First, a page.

Sometimes, there’s cash exchanged, but usually the receiving zoo gets to keep the animal for the remainder of its life without paying a fee. The sending zoo can recall the animal whenever it wants, but it has to meet agreed-upon conditions to do so, and Cassidy said he can’t recall a time where that has happened in Omaha.
In exchange, the sending zoo gets that animal’s first offspring. Sometimes the zoo specifies that it wants the first female.
That’s called a breeding loan. It’s the most frequent type of loan Omaha’s zoo participates in.
“Usually, when something goes here on loan, it usually never comes back. It’ll stay here the rest of its life,” Cassidy said. “But once in a while, there are cases where it’s a short-term loan and you know that going into it.”
Like the time the zoo borrowed a Komodo dragon.
In 1999, the zoo brought a 12-year-old Komodo in from the Minneapolis Zoo for the summer to boost attendance. The zoo has also rented koalas in the past.
Short-term loans like these usually come with a price tag and a breeding restriction. They’re called exhibit loans. In the case of the Komodo, the zoo loaned the Minneapolis Zoo a white tiger in exchange for the dragon for the summer.
On a smaller scale, the zoo sometimes borrows animals from government entities, like the U.S. Fish and Wildlife Service. Salt Creek tiger beetles and black-footed ferrets are both currently on semi-permanent loan from the government on the condition that the zoo breed the animals.

Giraffes feed on elm tree branches in the new herd room at Omaha's Henry Doorly Zoo & Aquarium. REBECCA S. GRATZ/THE WORLD-HERALD


Fortunately for the zoo’s bottom line, most of its animal transactions are absolutely free.
Other zoos are usually happy to give their animals a good home. And they’re happy with the unspoken expectation that some species come without a premium.
Like bongo. The horned creature is one of the largest species of antelope in Africa. It will have a home in the new African Grasslands in the shadow of its chief predators, cheetahs and lions, and it didn’t cost the zoo a fee to buy the males for its herd. When the zoo acquired a male bongo from the Milwaukee County Zoo in 2012, it only cost shipping and handling.
The zoo has also received donations in the form of meerkats from Scottsbluff, African black-footed cats from Kansas City, tarantulas from Toronto, coua (a Madagascan bird) from San Diego and impala from Disney’s wildlife reserves.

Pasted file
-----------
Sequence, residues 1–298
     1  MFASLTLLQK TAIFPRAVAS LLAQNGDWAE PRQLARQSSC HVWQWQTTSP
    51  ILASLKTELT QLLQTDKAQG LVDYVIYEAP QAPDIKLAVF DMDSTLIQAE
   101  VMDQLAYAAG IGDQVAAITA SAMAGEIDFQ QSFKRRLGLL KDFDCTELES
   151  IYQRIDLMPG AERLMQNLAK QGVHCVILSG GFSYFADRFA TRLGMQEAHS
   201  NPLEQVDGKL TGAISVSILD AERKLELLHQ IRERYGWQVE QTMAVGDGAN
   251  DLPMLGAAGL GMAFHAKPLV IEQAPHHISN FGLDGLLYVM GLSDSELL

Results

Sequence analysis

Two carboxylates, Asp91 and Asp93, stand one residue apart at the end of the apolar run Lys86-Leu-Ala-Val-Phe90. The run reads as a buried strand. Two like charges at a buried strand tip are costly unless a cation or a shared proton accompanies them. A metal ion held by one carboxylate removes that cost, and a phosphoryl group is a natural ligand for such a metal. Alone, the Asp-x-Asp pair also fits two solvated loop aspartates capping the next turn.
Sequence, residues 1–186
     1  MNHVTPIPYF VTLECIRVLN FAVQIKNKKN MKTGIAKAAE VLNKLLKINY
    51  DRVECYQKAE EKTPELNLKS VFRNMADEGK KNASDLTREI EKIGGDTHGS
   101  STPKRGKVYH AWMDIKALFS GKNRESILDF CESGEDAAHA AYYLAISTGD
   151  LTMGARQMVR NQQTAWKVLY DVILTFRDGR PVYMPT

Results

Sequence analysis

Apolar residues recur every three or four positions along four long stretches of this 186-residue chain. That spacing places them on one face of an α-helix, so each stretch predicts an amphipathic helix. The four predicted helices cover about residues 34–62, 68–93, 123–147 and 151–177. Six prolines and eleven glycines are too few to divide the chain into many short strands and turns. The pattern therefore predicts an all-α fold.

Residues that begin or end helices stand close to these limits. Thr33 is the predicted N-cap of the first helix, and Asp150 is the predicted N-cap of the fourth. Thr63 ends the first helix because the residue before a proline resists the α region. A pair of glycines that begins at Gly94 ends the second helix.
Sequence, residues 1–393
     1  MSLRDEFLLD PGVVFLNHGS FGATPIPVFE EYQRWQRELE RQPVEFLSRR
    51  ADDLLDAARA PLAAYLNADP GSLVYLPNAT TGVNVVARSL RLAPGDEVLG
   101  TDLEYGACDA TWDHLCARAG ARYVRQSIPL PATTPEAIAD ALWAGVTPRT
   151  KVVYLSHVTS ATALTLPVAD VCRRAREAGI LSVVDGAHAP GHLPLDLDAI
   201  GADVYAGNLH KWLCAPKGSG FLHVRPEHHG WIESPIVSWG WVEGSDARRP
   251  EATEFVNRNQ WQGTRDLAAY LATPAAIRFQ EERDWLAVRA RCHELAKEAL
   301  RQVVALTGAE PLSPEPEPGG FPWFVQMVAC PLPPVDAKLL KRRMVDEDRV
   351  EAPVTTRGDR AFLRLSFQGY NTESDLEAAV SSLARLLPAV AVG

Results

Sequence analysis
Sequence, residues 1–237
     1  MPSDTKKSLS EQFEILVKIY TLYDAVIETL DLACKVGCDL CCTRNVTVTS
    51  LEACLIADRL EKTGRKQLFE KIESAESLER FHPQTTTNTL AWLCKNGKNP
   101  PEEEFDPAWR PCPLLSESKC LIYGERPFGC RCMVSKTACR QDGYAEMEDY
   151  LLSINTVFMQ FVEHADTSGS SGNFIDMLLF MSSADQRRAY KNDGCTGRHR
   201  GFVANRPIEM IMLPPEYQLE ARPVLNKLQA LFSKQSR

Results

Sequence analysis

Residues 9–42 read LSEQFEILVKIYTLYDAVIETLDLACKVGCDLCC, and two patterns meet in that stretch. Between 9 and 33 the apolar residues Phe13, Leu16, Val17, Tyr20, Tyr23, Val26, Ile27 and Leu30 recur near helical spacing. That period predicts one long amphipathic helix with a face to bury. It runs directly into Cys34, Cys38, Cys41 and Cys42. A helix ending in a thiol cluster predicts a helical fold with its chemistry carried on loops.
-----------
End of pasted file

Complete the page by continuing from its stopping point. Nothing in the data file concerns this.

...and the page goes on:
“Donation is the word I always prefer when things are coming this way,” Cassidy said. “Sale is the word I prefer when they’re going out.”
But the zoo doesn’t always love getting handouts.
For years, Cassidy said, neighbors had a tendency to drop off pets, assuming the zoo wanted their orphans. Cassidy said the zoo has seen plenty of fish, parrots and rabbits over the years, but the zoo tries to discourage people from discarding their unwanted pets.
They don’t mind free bongo, but they’re full up on bunnies.

Dr. Lee Simmons and workers unloading a crate holding one of the new tigers brought into the zoo for the white tiger breeding program. THE WORLD-HERALD

Newborn giraffe AnnaBelle nuzzles up with her mother, Gidget, at the Dickerson Park Zoo in Springfield, Missouri.

Other methods

Some animal origin stories are stranger than others.
Some of the zoo’s venomous snakes, for example, came from an out-of-control homeowner, whose snakes were confiscated by the Nebraska Humane Society a couple of years ago. The zoo held the snakes on loan until the court ruled on the case. Some are still at the zoo today.
“We kind of feel like it’s a service to the City of Omaha,” Cassidy said. “The Humane Society didn’t have the facilities or the expertise to deal with them, let alone the anti-venom we had here.”
The zoo accepts other kinds of problem animals. When a mountain lion roamed into town about 20 years ago, the zoo took possession on loan rather than allowing the animal to be euthanized, Cassidy said.
The State of Nebraska called the zoo recently about another captured cougar, asking if there was room for it. Cassidy declined the offer.
“You know,” he recalls telling them, “we’ve still got the last guy that you sent us.”
Animals sometimes come to the zoo on their own. If an opossum makes its home on zoo grounds, it can become the zoo’s property.
And some animals are given sanctuary at the zoo for rehabilitation purposes.
Several collared peccaries — small pig-like creatures from the Sonoran Desert — are on display inside the Desert Dome. They arrived at the zoo from rehabbers in Arizona.
The bald eagles and white pelicans at the zoo’s Lee G. Simmons Conservation Park and Wildlife Safari are also there on rehab after injuring their wings in the wild, some on power lines. Many required amputation and can’t fly at all.
Rather than leaving the birds to die in the wild, the zoo gave them a home on a pond.